Reviewed by Sep 30, 2020| Updated on
Succession planning is a method to pass over leadership positions, often a company's ownership, to an individual or group of employees. Often known as "replacement preparation," it ensures companies keep operating smoothly after the most influential people in an organisation move on to new opportunities, retire, or pass away.
Succession preparation may also include a liquidity event that enables ownership to be passed to growing workers in a continuing concern.
Succession planning assesses the abilities of each leader, identifies possible replacements both within and outside the organisation and, in the case of internal replacements, preparing those workers to be prepared to acquire.
Succession planning cannot be a one-time event; succession plans must be re-evaluated and eventually updated periodically, or as the organisation decides changes.
Furthermore, businesses may want to create both an emergency succession plan, in case a key leader has to be replaced suddenly. Alternatively, it must develop a long-term succession plan for potential leadership changes.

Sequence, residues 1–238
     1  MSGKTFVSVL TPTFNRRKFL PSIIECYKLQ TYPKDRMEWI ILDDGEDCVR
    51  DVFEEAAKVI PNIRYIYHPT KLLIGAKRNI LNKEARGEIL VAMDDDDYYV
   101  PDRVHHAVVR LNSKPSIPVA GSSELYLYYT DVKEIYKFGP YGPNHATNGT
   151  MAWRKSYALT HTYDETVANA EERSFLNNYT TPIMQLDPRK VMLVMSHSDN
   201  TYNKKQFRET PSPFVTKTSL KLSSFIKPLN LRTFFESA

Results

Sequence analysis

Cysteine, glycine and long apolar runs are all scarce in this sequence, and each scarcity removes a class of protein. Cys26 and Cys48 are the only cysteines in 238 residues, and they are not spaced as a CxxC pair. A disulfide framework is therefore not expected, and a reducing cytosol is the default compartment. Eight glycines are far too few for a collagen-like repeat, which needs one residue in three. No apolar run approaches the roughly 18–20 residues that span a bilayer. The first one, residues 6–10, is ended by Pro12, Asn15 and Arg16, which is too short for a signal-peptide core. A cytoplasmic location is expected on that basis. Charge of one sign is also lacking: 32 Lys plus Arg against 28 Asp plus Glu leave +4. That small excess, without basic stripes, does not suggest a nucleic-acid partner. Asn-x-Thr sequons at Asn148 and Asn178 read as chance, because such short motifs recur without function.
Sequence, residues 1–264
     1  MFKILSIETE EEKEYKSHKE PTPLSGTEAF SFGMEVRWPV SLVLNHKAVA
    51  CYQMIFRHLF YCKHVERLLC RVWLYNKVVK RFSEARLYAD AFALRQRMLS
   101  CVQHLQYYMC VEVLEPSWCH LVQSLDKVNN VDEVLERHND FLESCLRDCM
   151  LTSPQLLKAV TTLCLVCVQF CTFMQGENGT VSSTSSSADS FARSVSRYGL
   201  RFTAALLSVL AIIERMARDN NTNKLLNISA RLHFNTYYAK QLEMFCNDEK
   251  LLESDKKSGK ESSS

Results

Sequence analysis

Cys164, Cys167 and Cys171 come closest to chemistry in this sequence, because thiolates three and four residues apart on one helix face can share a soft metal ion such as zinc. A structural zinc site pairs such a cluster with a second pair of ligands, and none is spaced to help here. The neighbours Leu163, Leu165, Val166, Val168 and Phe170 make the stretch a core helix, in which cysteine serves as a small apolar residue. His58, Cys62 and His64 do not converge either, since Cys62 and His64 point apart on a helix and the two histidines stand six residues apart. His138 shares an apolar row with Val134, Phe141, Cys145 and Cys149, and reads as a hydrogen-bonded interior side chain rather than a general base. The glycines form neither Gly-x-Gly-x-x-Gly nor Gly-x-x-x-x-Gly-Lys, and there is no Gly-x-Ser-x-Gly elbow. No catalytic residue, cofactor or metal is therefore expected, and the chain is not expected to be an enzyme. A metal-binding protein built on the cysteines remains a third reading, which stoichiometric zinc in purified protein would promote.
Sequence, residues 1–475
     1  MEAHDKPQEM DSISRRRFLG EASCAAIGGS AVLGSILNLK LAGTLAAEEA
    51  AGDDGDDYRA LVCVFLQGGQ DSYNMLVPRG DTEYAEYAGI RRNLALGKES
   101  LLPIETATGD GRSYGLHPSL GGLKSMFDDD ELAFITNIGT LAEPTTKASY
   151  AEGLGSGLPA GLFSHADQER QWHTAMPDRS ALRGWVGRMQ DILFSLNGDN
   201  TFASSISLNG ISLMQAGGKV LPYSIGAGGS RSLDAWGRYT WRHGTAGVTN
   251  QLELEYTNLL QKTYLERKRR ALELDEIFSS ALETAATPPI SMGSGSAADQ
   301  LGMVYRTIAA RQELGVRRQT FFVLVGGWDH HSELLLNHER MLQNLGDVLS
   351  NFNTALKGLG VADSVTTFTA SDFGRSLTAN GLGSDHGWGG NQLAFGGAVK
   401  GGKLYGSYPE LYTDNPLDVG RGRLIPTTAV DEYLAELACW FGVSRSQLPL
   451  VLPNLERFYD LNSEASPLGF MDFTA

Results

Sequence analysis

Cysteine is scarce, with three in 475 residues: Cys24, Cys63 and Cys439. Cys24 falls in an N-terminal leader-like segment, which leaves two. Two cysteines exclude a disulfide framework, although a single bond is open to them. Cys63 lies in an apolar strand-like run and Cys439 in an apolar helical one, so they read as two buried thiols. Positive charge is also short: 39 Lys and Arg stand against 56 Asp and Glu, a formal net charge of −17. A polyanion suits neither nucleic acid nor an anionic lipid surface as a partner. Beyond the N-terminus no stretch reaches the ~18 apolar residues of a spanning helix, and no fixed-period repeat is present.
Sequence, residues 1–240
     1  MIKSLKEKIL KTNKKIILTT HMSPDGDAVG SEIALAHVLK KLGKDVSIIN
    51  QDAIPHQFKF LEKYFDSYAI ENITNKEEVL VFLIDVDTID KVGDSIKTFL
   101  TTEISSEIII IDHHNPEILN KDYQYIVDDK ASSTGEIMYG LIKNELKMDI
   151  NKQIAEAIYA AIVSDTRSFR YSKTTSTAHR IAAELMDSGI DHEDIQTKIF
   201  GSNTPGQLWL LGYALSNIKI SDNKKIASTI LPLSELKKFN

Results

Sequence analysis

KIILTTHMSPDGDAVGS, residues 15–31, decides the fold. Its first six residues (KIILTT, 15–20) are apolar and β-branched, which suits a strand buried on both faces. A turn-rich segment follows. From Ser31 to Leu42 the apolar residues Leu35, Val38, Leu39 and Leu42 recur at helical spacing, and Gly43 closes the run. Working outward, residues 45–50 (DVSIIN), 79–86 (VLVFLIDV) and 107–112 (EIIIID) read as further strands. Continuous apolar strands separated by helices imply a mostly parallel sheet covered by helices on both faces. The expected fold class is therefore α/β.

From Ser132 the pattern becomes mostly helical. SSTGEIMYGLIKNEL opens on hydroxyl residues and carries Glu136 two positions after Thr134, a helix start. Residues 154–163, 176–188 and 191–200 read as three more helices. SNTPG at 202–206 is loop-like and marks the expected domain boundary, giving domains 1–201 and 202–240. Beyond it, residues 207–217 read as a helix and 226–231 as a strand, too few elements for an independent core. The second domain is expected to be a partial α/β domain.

The board of directors, and not just the CEO, will usually oversee succession planning in large companies. Often, succession planning of major companies concerns not just owners and workers but also shareholders.
Succession planning also means for small companies and family-run companies preparing the next generation to take over the business. A bigger company could fund mid-level workers to take on higher-level positions one day. In small companies, the owner himself may alone be responsible for succession planning.
One form of succession planning in a business partnership has each partner buy a life insurance policy which names the other partner as the beneficiary. Therefore, if a partner dies at a time when the surviving partner may not have enough cash to buy the share of ownership of the deceased partner, the proceeds from life insurance will make the purchase possible.
The two arms of succession planning are hiring and training. These are described below.
Succession preparation starts with good recruiting practices to choose applicants who will increase the ranks as time goes on. For example, an experienced person from another organisation may be courted and groomed for a position at the executive level.
Training covers professional development, information about the business and certifications. The preparation may involve making staff in all the major departments cross-train and shadow various roles or jobs. This method will help the person get rounded up well and understand the company on a granular level.